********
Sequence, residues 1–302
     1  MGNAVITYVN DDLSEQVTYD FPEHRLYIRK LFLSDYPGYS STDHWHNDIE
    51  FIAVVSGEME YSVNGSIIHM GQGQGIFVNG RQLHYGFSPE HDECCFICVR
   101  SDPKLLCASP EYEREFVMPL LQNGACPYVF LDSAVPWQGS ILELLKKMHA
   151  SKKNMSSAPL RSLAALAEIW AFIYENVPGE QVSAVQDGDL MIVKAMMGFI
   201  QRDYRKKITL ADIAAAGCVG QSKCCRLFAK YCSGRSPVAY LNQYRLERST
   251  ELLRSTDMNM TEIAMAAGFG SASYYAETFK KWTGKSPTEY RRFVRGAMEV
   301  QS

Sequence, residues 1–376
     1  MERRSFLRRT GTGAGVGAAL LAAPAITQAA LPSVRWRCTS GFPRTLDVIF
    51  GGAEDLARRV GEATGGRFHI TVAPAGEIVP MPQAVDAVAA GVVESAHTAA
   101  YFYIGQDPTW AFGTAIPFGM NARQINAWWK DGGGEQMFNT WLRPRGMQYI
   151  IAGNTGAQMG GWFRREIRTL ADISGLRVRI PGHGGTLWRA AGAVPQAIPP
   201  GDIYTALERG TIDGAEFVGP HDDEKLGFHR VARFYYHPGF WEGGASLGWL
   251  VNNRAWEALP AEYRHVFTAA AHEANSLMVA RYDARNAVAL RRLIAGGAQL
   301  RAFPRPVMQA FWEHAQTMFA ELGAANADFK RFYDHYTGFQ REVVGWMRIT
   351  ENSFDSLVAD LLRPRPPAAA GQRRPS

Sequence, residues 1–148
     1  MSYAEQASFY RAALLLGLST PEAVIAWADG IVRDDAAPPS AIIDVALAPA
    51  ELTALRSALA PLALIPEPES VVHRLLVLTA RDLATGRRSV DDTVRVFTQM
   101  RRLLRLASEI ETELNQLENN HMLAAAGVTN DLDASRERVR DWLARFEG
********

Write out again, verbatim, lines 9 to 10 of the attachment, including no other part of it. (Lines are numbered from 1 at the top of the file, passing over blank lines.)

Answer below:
Sequence, residues 1–376
     1  MERRSFLRRT GTGAGVGAAL LAAPAITQAA LPSVRWRCTS GFPRTLDVIF